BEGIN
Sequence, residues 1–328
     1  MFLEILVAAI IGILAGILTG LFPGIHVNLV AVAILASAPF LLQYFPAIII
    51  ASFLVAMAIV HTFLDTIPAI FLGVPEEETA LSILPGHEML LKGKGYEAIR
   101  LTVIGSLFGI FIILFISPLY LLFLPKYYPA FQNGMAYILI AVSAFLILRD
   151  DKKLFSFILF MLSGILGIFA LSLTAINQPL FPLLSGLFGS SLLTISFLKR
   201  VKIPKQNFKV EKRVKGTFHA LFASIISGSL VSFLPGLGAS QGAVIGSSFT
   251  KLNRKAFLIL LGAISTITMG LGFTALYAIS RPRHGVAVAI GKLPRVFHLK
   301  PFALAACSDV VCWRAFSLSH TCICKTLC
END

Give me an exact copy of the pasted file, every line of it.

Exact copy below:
Sequence, residues 1–328
     1  MFLEILVAAI IGILAGILTG LFPGIHVNLV AVAILASAPF LLQYFPAIII
    51  ASFLVAMAIV HTFLDTIPAI FLGVPEEETA LSILPGHEML LKGKGYEAIR
   101  LTVIGSLFGI FIILFISPLY LLFLPKYYPA FQNGMAYILI AVSAFLILRD
   151  DKKLFSFILF MLSGILGIFA LSLTAINQPL FPLLSGLFGS SLLTISFLKR
   201  VKIPKQNFKV EKRVKGTFHA LFASIISGSL VSFLPGLGAS QGAVIGSSFT
   251  KLNRKAFLIL LGAISTITMG LGFTALYAIS RPRHGVAVAI GKLPRVFHLK
   301  PFALAACSDV VCWRAFSLSH TCICKTLC